A recent Hagar the Horrible comic strip shows Hagar, our Viking protagonist, walking into a bar, where he meets a man who dressed like Robin Hood – green tunic, green hat with a feather stuck in it, and a quiver of arrows. “So what do you do for a living, stranger?”, Hagar asks. “Well,” the man replied, “I rob from the poor to give to the rich”. An incredulous Hagar retorts - “What kind of business is that?
“It’s part of the banking business”, the man snaps back, taking a patrician sip of wine.
It’s amazing how public perception of bankers have soured in recent years, especially since the Lehman Brothers saga. The recent – and ongoing – Occupy Wall Street movement, which brought a taste of the Arab Spring uncomfortably close to Uncle Sam’s own financial heart, captures this sentiment perfectly.
The movement has been portrayed by its advocates as a protest by an increasingly disenfranchised ‘99%’ against the current form of capitalism and its elite Brahmin class on Wall Street. But it is so new that the media and its pundits, from ignoring it in its early days, still can’t make head or tails of this sudden outburst. Much less the general public. Or even the protestors themselves. It’s definitely not just about making the rich pay more taxes. The overall sense is one of a general malaise within the system that no one is yet able to put a finger on.
And what we can’t diagnose properly, we can’t treat properly. The importance of keyhole economics, instead of vague, reactionary measures, cannot be stressed more – not unlike effective surgery on a very sick patient. It would be naïve to presume that there are simple solutions to complex problems, much less problems we cannot even clearly identify yet. We know something is wrong, but what exactly? And is there a better alternative that we can turn to?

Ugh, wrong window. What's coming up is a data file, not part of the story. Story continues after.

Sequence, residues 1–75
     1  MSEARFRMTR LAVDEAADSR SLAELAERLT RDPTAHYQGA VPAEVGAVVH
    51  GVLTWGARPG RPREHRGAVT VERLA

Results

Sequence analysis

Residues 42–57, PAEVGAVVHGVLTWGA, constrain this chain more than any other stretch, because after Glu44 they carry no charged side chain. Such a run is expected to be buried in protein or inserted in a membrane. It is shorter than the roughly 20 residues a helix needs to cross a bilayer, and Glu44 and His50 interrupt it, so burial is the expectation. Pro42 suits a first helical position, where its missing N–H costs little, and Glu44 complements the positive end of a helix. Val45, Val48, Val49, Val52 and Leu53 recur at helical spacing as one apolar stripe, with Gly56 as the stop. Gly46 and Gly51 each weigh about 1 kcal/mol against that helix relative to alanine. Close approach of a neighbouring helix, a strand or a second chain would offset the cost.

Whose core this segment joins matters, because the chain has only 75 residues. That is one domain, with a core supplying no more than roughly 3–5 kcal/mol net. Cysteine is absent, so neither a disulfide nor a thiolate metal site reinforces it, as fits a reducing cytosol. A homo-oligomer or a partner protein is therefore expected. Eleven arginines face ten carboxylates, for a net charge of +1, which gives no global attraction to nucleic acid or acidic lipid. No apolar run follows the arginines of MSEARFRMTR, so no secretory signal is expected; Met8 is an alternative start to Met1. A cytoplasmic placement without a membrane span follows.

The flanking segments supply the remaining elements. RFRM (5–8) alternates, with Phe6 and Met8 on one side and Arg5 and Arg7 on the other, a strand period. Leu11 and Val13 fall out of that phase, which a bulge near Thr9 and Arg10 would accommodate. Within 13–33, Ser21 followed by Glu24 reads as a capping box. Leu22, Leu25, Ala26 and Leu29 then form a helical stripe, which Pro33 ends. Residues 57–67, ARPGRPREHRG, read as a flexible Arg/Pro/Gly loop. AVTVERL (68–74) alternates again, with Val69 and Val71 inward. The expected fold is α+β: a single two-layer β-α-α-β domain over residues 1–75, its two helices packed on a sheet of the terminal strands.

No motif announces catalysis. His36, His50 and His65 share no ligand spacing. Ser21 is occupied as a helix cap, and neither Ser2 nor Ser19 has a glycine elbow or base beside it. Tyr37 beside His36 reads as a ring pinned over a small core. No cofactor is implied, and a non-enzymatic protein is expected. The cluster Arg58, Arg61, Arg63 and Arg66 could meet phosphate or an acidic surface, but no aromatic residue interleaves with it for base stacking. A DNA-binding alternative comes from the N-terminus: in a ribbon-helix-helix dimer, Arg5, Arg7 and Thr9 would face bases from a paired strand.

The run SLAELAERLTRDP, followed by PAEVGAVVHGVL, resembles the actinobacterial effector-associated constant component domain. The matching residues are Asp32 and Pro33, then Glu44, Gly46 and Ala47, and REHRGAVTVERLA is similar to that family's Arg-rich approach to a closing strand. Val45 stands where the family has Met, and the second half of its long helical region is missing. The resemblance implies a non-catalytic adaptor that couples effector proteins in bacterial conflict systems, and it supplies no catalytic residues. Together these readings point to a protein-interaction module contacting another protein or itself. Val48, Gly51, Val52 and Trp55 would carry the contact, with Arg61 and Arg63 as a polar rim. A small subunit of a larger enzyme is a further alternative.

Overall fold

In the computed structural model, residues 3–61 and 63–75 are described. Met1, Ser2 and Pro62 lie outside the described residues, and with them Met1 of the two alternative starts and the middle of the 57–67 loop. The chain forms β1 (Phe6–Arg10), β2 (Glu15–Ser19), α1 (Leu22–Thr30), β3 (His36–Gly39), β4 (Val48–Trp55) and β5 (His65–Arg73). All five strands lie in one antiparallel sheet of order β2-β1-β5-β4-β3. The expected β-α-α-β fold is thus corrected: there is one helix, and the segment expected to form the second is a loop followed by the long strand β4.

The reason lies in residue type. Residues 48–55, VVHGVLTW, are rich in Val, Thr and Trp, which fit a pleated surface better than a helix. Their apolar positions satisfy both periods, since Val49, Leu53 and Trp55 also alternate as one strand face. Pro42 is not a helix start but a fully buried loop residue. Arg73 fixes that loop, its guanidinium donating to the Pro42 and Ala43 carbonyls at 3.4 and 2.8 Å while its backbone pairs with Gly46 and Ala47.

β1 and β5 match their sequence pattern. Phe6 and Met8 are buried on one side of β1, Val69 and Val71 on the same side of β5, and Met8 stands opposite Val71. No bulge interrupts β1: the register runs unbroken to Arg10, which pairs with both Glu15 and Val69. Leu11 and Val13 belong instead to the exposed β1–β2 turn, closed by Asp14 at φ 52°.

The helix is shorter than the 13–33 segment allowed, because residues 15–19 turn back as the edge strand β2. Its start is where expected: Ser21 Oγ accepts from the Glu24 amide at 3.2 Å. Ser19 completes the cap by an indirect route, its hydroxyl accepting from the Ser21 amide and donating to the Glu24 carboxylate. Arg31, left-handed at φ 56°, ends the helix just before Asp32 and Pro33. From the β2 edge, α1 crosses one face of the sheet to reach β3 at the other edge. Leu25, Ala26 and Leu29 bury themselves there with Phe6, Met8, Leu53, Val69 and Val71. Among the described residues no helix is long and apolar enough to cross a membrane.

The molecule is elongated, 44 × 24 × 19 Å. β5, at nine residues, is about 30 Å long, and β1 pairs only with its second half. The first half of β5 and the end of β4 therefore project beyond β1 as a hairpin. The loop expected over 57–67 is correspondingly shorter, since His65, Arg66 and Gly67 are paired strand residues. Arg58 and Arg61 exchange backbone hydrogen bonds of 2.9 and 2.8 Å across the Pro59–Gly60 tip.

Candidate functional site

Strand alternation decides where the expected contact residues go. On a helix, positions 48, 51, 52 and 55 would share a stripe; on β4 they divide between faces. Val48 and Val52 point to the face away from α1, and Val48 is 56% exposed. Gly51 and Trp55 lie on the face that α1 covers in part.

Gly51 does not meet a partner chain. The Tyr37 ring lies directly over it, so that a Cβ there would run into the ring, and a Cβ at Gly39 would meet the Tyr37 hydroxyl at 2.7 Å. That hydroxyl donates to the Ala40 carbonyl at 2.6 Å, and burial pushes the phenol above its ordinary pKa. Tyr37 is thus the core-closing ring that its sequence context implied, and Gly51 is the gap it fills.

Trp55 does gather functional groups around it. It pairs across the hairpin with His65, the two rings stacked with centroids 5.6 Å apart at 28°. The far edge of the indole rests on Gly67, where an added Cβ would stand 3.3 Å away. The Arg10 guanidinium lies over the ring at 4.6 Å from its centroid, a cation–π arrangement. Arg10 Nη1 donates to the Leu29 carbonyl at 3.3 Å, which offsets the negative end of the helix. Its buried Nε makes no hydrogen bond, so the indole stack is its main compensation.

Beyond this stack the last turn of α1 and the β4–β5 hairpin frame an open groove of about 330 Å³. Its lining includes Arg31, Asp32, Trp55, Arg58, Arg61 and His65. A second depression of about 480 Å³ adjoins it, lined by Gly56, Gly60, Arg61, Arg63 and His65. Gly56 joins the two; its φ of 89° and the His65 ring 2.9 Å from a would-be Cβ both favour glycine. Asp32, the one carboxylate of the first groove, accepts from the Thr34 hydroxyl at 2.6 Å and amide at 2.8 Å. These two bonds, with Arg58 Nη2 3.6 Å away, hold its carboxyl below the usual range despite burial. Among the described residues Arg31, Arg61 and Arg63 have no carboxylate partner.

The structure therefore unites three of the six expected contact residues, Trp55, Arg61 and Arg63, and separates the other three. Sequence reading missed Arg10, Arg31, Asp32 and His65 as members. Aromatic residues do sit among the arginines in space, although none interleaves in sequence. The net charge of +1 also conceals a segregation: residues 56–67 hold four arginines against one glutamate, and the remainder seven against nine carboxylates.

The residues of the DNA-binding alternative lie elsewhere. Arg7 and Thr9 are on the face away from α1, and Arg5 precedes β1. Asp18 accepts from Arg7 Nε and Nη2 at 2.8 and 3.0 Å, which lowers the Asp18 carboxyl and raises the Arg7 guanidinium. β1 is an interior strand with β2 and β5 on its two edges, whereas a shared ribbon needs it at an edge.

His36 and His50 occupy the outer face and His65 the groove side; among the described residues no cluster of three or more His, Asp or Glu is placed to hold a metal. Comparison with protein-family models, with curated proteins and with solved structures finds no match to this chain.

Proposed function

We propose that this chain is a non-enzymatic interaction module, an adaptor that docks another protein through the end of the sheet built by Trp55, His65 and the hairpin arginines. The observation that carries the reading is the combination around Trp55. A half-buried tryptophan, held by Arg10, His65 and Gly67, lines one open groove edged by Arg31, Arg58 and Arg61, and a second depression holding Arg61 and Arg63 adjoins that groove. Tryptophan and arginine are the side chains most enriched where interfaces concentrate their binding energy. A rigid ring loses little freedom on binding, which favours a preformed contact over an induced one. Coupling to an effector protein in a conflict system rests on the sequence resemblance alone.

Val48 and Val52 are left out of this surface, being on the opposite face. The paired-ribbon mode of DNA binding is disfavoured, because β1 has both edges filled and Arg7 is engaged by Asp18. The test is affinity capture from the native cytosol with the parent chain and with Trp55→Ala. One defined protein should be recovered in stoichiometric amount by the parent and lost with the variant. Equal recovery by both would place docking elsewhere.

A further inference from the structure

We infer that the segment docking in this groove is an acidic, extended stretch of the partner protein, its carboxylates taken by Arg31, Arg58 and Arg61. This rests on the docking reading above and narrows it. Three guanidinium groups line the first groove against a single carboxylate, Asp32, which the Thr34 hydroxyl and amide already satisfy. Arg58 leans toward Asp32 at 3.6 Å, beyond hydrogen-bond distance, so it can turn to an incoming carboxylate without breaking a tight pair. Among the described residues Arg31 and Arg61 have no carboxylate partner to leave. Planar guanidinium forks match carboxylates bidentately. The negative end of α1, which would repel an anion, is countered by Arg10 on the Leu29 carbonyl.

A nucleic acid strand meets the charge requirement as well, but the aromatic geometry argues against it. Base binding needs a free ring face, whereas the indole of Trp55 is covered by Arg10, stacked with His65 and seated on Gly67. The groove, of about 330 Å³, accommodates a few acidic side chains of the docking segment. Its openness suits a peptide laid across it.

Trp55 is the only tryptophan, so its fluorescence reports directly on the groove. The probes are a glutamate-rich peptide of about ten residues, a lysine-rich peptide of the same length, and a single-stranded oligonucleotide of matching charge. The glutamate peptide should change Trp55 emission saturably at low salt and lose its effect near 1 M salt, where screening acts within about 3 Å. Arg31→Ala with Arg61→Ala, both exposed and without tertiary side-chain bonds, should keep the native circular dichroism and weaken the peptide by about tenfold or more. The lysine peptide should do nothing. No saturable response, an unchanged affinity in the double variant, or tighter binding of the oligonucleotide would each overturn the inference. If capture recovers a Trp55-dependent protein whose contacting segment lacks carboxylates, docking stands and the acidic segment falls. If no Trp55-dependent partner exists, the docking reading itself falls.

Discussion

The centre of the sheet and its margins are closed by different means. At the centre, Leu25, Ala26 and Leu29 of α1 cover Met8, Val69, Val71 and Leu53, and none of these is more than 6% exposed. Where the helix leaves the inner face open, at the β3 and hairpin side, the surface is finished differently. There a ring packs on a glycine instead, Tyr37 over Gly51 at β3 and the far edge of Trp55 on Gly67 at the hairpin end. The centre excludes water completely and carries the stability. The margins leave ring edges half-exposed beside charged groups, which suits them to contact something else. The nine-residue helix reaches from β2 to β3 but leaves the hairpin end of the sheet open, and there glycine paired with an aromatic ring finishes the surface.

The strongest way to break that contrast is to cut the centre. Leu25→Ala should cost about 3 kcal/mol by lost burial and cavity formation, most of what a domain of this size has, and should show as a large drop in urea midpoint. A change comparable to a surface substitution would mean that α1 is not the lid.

President Obama hit the nail on its head when he spoke of the frustration of the people at a recent press conference, and this is perhaps the closest we can come to making sense of the movement, in a single, simple word. Frustration.
Looking at fresh developments of similar protests sprouting up in major cities around the world, against a backdrop of growing economic uncertainty in the global economy and rather deep-rooted shortcomings in the US and European economies, one can’t help but wonder, if Marx had been right all along, that this system is increasingly unsustainable?
The feeling of frustration is perhaps one arising out of a sense of being stuck in a rut – that we are stuck with this system as far as we can see, with its increasingly obvious shortcomings. The sentiment that there is no proverbial light at the end of an increasingly long, and dark tunnel.
The real question that this movement raises is quo vadis, America? Where to, America? Less importantly (to us, but maybe not to the millions of Americans), can America, and the American Dream, continue to provide leadership and inspiration to the rest of the world into this new century?
This is a worrying question. The problems of the system are perhaps glaringly obvious, but can we come up with an adequate solution? Can we fix it through keyhole economics, or is an entire systemic overhaul needed? And is there a political will to see it through, above the pragmatic, short-term interests of partisan politics? Change, we can?
There already is a growing sentiment – and body of evidence - that change is a must. Real change, not superficial change. And within any change is both opportunity and risk, which have to be managed carefully, and conscientiously. Then there may be light at the end of the tunnel – we just have to plan critically, tread carefully, act decisively, and keep our fingers crossed that it is not a speeding train.